Take the 2-minute tour ×
Stack Overflow is a question and answer site for professional and enthusiast programmers. It's 100% free.

Can't seem to get it included. I was using this:

<script src="//ajax.googleapis.com/ajax/libs/jquery/1.7.2/jquery.min.js"></script>

and then had this:

<script type="text/javascript">

function initialize(){

 $(document).ready(function() {
   $("a").click(function() {
     alert("Hello world!");
   });
 });

}

</script>

....

<body onload="initialize()">
<a href="">Link</a>
</body>

But when I click the link, nothing happens. I have no way of knowing whether jQuery is even including properly. I'm completely new to jQuery, so for all I know I'm making an obvious error here, but it's straight from the jQuery beginner guide, so I'd think it was close at least. Anyone?

share|improve this question

1 Answer 1

up vote 2 down vote accepted

You can just remove that function. It is useless.

$(function(){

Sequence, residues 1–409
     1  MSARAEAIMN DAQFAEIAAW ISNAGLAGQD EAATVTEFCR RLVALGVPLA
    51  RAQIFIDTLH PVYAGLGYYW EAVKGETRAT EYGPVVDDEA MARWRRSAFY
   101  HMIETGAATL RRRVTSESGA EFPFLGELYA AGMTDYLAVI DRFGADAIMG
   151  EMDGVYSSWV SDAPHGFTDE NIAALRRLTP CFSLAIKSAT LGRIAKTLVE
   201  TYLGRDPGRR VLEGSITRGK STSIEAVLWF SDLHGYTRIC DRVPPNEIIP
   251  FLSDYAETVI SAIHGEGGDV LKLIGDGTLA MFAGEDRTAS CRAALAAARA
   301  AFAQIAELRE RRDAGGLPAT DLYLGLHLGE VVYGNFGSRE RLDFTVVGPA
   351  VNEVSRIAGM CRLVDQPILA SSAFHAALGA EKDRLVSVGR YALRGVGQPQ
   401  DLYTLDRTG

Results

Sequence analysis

$("a").click(function(){
        alert("Hello world!");
    });
});

PS: Your code in work: http://jsfiddle.net/DerekL/h4dmF/

share|improve this answer
    
Okay, you are at least semi-correct. It worked when I put the jQuery in a separate script (initialize had been doing other things as well, non-jQuery related; they were irrelevant so I do not show them here, but that's why I have it). But now I'd like to understand why this made a difference. Initialize is called onload. So shouldn't that event trigger be set up correctly at onload to wait for a click? –  Aerovistae Apr 29 '12 at 4:07
    
@Aerovistae - Actually, you should not even have this onload="initialize()", and initialize() should be placed inside $(document). –  Derek 朕會功夫 Apr 29 '12 at 4:09
    
How do I set it up to happen onload if I can't use onload? –  Aerovistae Apr 29 '12 at 4:10
1  
When you use $(document).ready (shorthand form: $()), it will automatically run when DOM is loaded. And look closely, there is a () after the initialize function. ((function initialize(){blah})()) and actually, if it is not being called again, you can remove initialize and left with (function(){})(). –  Derek 朕會功夫 Apr 29 '12 at 4:17
1  
Exactly. Thanks very much for the extended help. –  Aerovistae Apr 29 '12 at 4:27

Your Answer

 
discard

By posting your answer, you agree to the privacy policy and terms of service.

Not the answer you're looking for? Browse other questions tagged or ask your own question.